There’s a healthy level of debate between people who prefer masticating juicers and people who prefer centrifugal. Today we have a look at the Kuvings masticating juicer, which to a degree epitomizes all of the strong and weak points that come with a masticating juicer.
This juicer looks like it fell out of a nickelodeon show. The bright green-and-purple color scheme may appeal to certain people, but given the wrong surroundings, this juicer will stick out like a pschedelically sore thumb. Take into consideration that it sports an assymetrical design and strange chunky base, and you may have to resign yourself to this juicer being a constant conversation piece.
This juicer exemplifies what is good about masticating juicers. Specifically, it’s very versatile in that it can juice wheatgrass (unlike most centrifugal juicers), and make ice cream and pasta as well. It’s also fairly quiet compared to most centrifugal juicers (although if you’re juicing harder veggies like carrots, be prepared for a bit of a racket). Because of its low heat and low friction design, the juice you render from this machine is theoretically higher in nutrients and more truly “raw.”
The feeding tube on this model is SMALL. And juice production is SLOW. We’re talking one carrot or apple slice at a time. Which is fine, as long as you’re up for this type of pace. It’ll give you time to cut the vegetables. Which is the other thing – this juicer requires more front end work than a centrifugal one. You can’t just jam all the goodies in and then tamp down on them with the food pusher – you have to chop them up pretty small first.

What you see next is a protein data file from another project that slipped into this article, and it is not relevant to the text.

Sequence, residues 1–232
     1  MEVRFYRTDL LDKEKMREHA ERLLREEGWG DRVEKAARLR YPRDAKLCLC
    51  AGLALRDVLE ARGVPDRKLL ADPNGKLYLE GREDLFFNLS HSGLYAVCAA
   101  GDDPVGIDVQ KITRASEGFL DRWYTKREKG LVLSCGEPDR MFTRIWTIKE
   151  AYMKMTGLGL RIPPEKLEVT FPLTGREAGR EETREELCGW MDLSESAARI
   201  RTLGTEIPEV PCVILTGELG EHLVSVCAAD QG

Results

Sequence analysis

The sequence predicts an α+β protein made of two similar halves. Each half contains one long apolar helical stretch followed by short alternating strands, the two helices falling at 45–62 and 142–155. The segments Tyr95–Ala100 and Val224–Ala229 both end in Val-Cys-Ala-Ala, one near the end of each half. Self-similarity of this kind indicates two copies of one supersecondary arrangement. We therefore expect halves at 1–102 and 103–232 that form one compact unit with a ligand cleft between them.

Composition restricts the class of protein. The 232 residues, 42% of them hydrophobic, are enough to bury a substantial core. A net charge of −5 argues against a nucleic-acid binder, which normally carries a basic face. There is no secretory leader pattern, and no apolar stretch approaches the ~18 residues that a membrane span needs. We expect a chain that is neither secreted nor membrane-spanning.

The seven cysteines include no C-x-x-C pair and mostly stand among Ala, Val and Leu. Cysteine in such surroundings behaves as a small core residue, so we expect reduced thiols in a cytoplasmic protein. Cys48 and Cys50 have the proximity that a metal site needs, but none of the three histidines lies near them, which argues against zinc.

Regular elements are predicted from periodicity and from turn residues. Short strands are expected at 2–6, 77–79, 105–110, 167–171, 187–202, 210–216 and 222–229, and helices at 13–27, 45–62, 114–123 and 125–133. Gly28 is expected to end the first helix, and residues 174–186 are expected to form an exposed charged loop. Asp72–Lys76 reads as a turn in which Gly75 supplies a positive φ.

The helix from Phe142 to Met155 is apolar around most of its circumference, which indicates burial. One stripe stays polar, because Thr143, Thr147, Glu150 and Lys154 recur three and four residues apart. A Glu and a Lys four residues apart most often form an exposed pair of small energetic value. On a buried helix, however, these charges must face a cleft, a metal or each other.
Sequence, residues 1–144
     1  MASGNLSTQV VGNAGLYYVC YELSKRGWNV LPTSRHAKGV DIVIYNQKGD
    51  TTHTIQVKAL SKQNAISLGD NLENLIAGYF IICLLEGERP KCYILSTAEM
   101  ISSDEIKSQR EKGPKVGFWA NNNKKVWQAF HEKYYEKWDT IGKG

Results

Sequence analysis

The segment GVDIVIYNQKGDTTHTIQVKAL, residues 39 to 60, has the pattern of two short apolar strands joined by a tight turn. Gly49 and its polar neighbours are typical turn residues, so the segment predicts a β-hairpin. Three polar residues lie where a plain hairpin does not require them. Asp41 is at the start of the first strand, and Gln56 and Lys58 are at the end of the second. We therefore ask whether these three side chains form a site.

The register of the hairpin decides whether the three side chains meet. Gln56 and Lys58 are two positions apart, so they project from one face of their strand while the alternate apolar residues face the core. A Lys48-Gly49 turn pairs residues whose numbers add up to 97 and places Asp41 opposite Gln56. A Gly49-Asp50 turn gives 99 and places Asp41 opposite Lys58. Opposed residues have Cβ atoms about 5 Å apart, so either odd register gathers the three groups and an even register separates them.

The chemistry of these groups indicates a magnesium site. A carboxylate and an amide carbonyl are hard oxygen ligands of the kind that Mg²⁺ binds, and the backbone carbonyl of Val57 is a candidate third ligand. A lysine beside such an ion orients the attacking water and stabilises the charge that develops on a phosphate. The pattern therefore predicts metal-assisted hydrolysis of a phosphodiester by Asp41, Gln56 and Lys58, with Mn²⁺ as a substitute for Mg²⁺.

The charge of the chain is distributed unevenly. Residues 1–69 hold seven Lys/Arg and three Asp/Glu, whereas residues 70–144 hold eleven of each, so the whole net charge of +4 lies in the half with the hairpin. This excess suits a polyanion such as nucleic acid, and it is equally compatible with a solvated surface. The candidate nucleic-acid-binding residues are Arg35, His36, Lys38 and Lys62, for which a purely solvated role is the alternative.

If you can put the looks aside, or get behind the “Barney” theme that Kuvings went with on this one, this is a decent juicer for the money. Although the plastic parts feel a bit wanky, the machine comes apart easily for cleaning. And the juicer makes tasty and efficient use of produce. But with all of the other juicers out there on the market, you might want to look elsewhere before deciding on this one.